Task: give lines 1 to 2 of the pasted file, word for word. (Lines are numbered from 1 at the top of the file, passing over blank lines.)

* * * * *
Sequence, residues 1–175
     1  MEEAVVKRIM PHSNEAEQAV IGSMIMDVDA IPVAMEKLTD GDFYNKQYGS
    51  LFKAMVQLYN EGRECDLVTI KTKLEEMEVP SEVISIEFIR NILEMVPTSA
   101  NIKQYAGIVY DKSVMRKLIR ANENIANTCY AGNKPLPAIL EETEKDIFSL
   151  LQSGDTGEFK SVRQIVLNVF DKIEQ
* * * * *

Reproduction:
Sequence, residues 1–175
     1  MEEAVVKRIM PHSNEAEQAV IGSMIMDVDA IPVAMEKLTD GDFYNKQYGS